It must be remembered that the US and the UK thoroughly humiliated the people of Iran by re-installing the Shah, when they made the *foolish* mistake of thinking that their natural resources belonged to themselves, not to the Anglo-Iranian Oil Company, later to become BP.
To set the record straight, the idea that "Eisenhower offered support because he viewed a possible Russian invasion in the weak state of Iran as a Cold War Threat" is totally false; Mossadegh was staunchly anti-communist and was, until the country turned against him, a great admirer of the US and the West in general. The documents detailing the CIA-organized public relations campaign in both the US and Iran to portray his government as one friendly to the Soviet Union are freely available in the United States.
I suggest that interested parties investigate the facts for themselves and consider their own actions before they begin criticizing others. They may find that they're not so innocent as they thought.
To the 1st post @proxy414. Don't remember any films regarding military coups in Iran!
And actually one of my favorite sayings is truth is stranger than fiction. I don't think hollywood even goes close to the truth of America's imperial empire building, and its crimes.
But America is just a term, a label.
The people pulling the strings are not even American, they care only about money and power. Not about nations per se. Not even close!
And as for the second post. Mmmm suppressing protests and murdering its own citizens, sounds familiar! Not unlike America and the UK.
And I would be dubious of where you get your information on Iran's current affairs, unless you're in the country viewing it yourself. Did you see the footage the American networks aired, of the false coup in Venezuela, where they completely edited the footage to make it look like the government forces were shooting civilians?
If they have done it then I'm sure it wasn't the first time or the last.
Sometimes Hollywood likes to magnify the crimes of the west to the point where fact and fiction become blurred into each other. Certainly the US has made many deep errors in the past, but the very fact that the US is more aware of its own imperfection than most nations shows that it is a world leader in change. Perhaps other nations should follow suit and begin to recognize that they are not perfect instead of blaming all their issues on a single "great Satan" nation.
It is very politically advantageous to propagate hatred toward specific people groups, and this tactic is exhibited clearly by much of the leadership in Iran, which continues to violently point fingers at the West and at Israel. Perhaps the Iranian government should be pointing fingers at itself for violently suppressing protests and murdering its own people.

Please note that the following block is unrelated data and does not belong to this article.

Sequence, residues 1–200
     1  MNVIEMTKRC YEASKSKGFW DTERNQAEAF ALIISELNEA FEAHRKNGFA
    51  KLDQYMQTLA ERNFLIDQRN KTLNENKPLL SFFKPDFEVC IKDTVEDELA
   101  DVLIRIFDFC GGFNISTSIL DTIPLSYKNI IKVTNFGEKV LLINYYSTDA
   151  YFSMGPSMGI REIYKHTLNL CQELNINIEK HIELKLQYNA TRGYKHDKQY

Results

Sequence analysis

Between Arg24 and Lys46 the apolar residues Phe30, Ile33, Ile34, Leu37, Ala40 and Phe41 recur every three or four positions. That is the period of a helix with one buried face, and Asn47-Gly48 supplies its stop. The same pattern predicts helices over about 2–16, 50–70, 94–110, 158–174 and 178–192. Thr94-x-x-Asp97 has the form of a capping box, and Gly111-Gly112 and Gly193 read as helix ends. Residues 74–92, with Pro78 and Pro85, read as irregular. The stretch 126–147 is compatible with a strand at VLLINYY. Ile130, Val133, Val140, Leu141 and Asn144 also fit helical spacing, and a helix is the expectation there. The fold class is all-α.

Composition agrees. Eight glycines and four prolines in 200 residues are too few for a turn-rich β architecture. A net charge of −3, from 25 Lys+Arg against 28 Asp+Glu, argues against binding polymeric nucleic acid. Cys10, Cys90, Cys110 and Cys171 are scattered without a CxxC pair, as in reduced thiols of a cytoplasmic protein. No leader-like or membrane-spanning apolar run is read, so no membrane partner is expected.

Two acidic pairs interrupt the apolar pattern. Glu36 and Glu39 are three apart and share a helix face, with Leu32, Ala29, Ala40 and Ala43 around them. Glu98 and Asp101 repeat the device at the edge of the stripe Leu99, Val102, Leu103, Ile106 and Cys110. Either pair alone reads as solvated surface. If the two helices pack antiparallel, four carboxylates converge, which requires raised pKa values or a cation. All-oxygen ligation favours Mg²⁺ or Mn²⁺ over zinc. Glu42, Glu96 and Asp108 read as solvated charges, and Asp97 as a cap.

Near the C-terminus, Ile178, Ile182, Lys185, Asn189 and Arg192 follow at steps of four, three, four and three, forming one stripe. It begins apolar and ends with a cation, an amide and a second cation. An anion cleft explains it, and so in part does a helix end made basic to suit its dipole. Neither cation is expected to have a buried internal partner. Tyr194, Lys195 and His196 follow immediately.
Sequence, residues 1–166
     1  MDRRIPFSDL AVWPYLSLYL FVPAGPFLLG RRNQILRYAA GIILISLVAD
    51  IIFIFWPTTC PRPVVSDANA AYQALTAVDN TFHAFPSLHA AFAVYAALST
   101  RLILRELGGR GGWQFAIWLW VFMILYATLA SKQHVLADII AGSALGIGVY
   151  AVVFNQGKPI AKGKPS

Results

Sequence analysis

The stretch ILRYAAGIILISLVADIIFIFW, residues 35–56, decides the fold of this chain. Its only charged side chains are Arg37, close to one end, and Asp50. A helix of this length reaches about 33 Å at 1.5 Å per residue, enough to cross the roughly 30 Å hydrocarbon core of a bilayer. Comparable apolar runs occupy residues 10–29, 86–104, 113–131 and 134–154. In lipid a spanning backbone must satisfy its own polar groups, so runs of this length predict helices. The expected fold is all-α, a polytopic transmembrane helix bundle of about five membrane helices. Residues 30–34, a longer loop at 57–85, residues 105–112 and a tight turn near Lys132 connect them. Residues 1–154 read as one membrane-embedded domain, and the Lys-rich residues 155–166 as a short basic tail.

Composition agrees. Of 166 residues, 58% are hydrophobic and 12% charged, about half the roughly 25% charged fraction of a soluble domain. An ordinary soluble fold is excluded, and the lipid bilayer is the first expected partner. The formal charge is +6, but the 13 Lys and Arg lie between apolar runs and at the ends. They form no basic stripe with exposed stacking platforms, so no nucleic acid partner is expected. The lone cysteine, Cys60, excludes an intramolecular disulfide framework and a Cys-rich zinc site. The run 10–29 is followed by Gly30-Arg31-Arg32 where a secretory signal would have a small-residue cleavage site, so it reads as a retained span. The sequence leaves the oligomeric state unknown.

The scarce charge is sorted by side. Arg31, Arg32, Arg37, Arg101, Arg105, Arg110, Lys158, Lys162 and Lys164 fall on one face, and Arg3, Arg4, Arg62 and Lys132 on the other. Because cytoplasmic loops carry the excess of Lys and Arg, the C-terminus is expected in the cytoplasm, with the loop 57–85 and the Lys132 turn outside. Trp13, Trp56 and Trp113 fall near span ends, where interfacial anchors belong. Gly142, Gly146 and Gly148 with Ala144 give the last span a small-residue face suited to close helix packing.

Isn't the lack of mere acknowledgment by mainstream media regarding Iran's recent history and its vulnerability to American and British political engineering quite astonishing?
I would say so, although, I would not say that the inarguable historicity should, in any way, evoke a modern day attitude or approach towards Iran that leads with complacency or naivety, as is often the case with the pacifist left.
Surely only an ill informed inquirer or blind partisan would arrive at such a misguided deduction. On the contrary, let us handle this issue of grave consequence with resilience and strength, with little regard for an otherwise deserved guilt.
Let us learn from history, by all means, but let us not be shackled with remorse. Let the rabble rousers continue to cite Western hypocrisy, but let us also remind them of the relative threat. Hitler’s policy was not that dissimilar. He too governed over a seemingly civilized, progressive and educated nation. A claim that Iranian apologists are all too comfortable asserting when discussing the Islamic Republic.
Let us not fall victim again to yet another theocratic design. Instead, listen to Ahmadinejad, while also considering the Elders he represents and the bullied populous over which he presides.
The former's plans are unwavering and pathological; the latter's plans are controlled and few. Unfortunately, once again, I fear we will be forced to contemplate a celestial guidance that is, and damn well should be, impossible to comprehend for any human being that applies logic and reason in the absence of imaginary friends.
Post your comments